Assessing wetland health using a newly developed land cover citizen science tool for use by local people who are not wetland specialists
Community Members Accurately Evaluating Wetland Health
Wetlands are important environments that provide vital ecosystem services to millions of people worldwide. Unfortunately, many wetlands have been destroyed or damaged, so more effective management is needed to protect these places. Although wetland scientists can easily determine wetland health, little research has been done to see whether community members can be trained and empowered to effectively monitor and understand the health of local wetlands. This study examines whether, and under what conditions, community members can be trained to use an environmental health tool to evaluate wetland health.
Taking place in South Africa, this study focused on two wetlands: the Siphumelele wetland in Howich and the Ixopo Golf Course wetland in Ixopo. Researchers developed a monitoring tool to allow non-specialists to develop an accurate estimate of wetland health. To assess the tool’s utility and accuracy in practice, 56 participants were trained during daylong workshops, with 10 working at the Siphumelele wetland and 46 at the Ixopo wetland. The participants represented different groups of citizens who might use the wetland tool, including landowners, government officials, and university students.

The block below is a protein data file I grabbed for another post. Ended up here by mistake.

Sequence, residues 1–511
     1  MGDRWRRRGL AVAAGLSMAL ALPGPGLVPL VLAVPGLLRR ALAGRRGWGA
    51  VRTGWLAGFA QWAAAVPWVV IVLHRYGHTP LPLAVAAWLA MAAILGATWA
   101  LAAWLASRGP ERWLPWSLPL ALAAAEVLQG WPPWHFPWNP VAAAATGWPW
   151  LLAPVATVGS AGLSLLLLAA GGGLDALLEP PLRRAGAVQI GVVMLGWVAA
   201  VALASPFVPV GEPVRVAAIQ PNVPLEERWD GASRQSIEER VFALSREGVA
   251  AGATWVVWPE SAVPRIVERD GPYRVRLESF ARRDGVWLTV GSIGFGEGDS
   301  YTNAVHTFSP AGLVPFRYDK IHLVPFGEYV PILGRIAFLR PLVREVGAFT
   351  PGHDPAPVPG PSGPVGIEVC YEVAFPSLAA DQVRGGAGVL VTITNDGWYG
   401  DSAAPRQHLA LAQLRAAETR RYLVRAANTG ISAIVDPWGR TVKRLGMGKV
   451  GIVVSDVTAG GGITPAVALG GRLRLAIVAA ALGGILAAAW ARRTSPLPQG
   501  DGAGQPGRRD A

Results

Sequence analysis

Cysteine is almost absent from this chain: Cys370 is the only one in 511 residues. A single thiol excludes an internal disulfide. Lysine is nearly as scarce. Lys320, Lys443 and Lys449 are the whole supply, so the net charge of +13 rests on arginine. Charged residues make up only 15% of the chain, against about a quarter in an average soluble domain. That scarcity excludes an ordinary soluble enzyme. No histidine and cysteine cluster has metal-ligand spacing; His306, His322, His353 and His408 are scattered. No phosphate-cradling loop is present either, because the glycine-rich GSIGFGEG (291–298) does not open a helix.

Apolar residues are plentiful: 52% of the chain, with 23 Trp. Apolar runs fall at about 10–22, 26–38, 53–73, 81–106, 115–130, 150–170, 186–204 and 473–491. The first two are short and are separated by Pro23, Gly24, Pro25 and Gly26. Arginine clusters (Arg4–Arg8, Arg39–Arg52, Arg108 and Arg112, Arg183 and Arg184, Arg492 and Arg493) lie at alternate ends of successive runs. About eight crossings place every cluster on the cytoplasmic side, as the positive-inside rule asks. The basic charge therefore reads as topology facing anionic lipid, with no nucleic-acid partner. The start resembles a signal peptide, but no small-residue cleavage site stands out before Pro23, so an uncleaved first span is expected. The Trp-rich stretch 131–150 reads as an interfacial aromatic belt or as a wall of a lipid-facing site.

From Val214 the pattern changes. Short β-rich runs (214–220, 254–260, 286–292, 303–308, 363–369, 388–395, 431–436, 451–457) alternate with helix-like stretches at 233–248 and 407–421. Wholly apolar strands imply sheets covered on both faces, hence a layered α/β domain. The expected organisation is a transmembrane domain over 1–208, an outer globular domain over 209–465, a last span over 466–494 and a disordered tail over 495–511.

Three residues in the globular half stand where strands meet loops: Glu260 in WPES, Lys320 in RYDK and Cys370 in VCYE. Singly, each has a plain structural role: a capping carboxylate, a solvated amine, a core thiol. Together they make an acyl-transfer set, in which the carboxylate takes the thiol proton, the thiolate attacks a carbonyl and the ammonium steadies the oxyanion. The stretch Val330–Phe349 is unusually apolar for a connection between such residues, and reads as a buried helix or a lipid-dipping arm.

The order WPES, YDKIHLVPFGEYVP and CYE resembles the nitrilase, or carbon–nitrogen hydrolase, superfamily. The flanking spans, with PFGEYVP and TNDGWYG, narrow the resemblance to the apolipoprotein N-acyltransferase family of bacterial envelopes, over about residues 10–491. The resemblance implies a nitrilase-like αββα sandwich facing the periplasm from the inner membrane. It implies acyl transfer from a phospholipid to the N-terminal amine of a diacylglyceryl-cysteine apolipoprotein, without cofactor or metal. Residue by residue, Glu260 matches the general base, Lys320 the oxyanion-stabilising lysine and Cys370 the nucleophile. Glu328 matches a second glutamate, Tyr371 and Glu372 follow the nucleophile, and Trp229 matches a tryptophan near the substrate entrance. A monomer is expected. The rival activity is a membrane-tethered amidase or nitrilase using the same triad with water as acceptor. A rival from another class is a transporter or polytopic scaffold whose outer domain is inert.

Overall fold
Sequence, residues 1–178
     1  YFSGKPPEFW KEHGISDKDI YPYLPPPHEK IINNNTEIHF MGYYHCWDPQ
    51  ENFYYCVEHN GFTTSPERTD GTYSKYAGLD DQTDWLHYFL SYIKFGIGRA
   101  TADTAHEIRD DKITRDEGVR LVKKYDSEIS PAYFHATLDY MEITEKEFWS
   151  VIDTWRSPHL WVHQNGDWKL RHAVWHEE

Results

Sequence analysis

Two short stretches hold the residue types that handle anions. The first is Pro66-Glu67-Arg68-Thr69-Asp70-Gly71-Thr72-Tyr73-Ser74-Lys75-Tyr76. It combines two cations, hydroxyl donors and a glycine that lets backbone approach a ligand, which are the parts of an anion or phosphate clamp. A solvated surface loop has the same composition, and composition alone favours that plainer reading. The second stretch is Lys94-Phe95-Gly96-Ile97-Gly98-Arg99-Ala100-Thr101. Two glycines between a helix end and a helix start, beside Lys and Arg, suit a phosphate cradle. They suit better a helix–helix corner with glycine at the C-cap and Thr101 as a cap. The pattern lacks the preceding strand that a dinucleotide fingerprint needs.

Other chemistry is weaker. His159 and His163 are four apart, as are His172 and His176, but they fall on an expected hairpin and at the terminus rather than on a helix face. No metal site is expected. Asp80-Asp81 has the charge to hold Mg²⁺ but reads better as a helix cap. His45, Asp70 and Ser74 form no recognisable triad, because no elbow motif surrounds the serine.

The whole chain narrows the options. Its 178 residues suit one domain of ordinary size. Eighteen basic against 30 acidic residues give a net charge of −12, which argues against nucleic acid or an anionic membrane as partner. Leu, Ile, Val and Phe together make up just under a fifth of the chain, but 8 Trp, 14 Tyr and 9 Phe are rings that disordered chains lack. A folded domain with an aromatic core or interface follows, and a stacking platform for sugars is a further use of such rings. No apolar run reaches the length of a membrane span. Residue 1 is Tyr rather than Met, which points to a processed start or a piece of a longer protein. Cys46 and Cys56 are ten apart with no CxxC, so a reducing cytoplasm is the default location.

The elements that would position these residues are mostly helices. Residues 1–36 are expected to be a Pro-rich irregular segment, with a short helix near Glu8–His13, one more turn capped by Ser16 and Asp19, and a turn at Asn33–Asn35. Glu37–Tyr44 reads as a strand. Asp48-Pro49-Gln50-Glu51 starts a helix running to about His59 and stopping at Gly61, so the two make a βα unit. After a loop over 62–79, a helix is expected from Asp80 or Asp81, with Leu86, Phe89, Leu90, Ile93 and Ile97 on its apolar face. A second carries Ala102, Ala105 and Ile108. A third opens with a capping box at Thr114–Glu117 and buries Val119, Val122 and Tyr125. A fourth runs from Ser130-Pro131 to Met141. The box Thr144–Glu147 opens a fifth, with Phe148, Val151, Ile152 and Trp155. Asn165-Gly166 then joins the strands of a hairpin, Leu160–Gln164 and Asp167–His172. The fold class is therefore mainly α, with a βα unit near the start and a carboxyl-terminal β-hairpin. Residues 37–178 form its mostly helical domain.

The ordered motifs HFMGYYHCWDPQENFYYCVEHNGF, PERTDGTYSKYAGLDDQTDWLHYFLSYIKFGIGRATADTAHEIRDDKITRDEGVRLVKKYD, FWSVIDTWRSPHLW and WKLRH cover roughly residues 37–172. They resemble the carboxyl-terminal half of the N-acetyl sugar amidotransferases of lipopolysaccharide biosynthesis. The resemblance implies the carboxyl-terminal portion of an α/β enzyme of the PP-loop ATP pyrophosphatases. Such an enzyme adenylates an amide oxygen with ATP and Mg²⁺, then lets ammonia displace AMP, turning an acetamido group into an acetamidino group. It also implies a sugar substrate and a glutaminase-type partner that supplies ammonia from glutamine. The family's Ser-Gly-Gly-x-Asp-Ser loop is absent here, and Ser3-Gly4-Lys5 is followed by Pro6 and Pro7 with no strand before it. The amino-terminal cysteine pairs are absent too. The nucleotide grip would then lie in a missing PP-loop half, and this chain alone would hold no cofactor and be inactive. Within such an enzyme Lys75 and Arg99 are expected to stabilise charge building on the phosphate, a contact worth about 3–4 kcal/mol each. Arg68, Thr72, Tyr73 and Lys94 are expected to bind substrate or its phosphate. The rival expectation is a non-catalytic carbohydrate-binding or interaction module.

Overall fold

The research had three objectives: (1) to see whether participants could use the tool to accurately assess wetland health, (2) to explore the possible variability between wetland health scores, and (3) to understand participants’ attitudes toward the health tool. The mixed methods study gathered data in a number of ways. The researchers collected the scoresheets from the wetland health tool and gave participants a questionnaire with Likert-scale-type questions to assess participant attitudes. They also held focus groups to discuss the participants’ experiences using the wetland health tool.
The data from the wetland health tool was analyzed using Levene’s variance comparison. For the Siphumelele wetland analysis, where participant scores were compared with those of an expert wetland scientist, researchers found no significant difference in the scores. For the Ixopo wetland analysis, participant scores were compared against Participant 5 from the previous assessment as the control, as this participant had previous wetland-monitoring experience. The analysis also found no significant difference between scores. Additionally, the results showed that all participants, whether or not they had experience with the wetland health tool, could determine wetland health accurately. In terms of perceptions, 84% of the participants said they would use the wetland tool in the future; 70% thought it was easy to use; and 88% thought the tool helped them understand wetlands better.
The Bottom Line
Trained community members using a rapid-assessment wetland health tool can evaluate the state of wetlands in a manner similar to that of a trained scientist. Such tools may be used for both wetland monitoring as well as for general environmental education opportunities. Practitioners using such environmental health assessments should involve a range of the public, bringing in people with varying levels of education and different backgrounds. Not only will these tools encourage widerscale wetland monitoring, but they also will help enhance local residents’ understanding of wetland health and the significance of such ecosystems.